Editor's Letter — April 2021:

Today’s Solution is Tomorrow’s Problem

I often look back at the things that we’ve done at MAEKAN and wonder “what if.” What if we had not been so stubborn about investing massively diminishing returns into stories that only a handful people would see? What if we had spun up a creative services business way way earlier (Adam Studios) and generated revenue? But looking back, this solution only appeared after we’d made some distance in our journey ahead. Just as we did, many startups go out and create their version of something as a reaction — the internal belief that they’re offering a solution to a problem.

 

At the time, MAEKAN was a solution to what we thought was a lack of inquisitive and thoughtful content around creativity… but done through the lens of highly-produced audio stories and a paygate. It seemed as though, in hindsight, every prospective layer only further served to reduce the actual audience size. Add in the fact that as a start-up, a niche works well, but you also need to understand how to grow and develop your product to make it accessible beyond the initial scope. These were things that ultimately we (or mostly me) never really figured out. 

 

I love the challenge of poking holes in my own ideas. To me, the internal stress test is a mental tool which ultimately exists to improve the product. If you adopt the mindset that your product can always be better or that you need to always be aware of its pitfalls, the outcome can only be better moving forward.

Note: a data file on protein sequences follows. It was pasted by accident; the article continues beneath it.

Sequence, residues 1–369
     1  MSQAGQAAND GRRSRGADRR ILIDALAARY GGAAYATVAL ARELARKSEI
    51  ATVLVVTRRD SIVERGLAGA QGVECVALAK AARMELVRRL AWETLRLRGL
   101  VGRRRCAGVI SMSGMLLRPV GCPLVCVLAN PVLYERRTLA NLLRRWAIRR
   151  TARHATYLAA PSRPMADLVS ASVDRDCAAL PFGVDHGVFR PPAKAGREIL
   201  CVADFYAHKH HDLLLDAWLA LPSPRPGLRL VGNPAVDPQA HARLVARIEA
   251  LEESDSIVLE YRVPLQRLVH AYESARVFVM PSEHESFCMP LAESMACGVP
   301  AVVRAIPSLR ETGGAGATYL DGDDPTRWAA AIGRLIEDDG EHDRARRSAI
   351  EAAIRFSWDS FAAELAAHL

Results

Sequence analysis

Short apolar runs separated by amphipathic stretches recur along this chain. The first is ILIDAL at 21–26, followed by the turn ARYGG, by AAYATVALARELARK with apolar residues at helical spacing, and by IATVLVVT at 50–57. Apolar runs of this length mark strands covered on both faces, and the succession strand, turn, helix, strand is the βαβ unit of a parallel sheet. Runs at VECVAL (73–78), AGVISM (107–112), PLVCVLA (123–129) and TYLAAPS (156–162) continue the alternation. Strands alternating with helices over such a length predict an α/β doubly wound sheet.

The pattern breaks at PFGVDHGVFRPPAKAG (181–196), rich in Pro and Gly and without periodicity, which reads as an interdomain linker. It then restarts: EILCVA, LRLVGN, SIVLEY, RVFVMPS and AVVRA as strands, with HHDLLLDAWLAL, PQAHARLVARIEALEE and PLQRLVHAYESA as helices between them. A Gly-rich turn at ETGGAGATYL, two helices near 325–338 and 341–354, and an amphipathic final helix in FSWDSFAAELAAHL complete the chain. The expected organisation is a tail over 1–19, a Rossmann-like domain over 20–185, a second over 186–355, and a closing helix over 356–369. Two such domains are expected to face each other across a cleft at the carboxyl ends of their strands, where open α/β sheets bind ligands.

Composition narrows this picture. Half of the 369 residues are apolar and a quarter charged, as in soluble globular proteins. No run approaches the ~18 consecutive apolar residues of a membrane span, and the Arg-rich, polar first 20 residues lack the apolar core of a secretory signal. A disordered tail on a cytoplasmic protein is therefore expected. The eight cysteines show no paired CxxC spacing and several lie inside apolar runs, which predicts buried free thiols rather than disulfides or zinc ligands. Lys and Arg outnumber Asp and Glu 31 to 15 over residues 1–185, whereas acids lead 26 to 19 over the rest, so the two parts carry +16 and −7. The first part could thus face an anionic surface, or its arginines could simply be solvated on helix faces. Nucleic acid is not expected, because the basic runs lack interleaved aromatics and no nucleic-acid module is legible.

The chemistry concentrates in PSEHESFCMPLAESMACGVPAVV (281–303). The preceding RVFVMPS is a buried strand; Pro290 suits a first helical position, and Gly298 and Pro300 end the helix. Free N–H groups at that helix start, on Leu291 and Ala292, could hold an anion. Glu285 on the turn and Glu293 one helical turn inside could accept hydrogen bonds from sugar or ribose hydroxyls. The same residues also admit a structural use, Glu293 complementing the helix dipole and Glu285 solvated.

But whatever idea it is your start, you come to the realization that your solution to today’s problem cannot be the forever solution. Not only will your approach change relative to the original problem, but so will the world around you. I’m pretty sure I’ve used this catchphrase before, but in this world, “the only certainty is uncertainty.” In the case of MAEKAN, it was a solution to what we deemed to be a lack of content and perspective that we wanted to see, in a way that truly focused on the power of pure storytelling. Audio was, at the time, that format for us. But as we now look at the bigger picture, the audio medium was our preferred solution at the time. But it actually isn’t our solution to getting our message across. The celebration of people, process, and product can happen in multiple formats, and audio proved to be at times a stifling angle for us full of missed deadlines, unhappiness with the outcome, and a lack of broader audience traction.

 

This idea of a poly-phasic approach is so critical to whatever you do. The mentality and grind of getting yourself even to the starting line is not the same strategy when you’re five years out and on your last legs. Your success is defined by your ability to understand the phase you’re in, and determining the solution to move you forward.

 

The last few months have been a moment of reinvigoration. I finally feel like we can start dedicating more resources to MAEKAN and the structures are slowly coming into place. It took me awhile to let go of a few things because I didn’t have an answer on, but it’s becoming more clear that the act of relinquishing is already a step in finding a solution.

Eugene Kan

Editor-in-Chief

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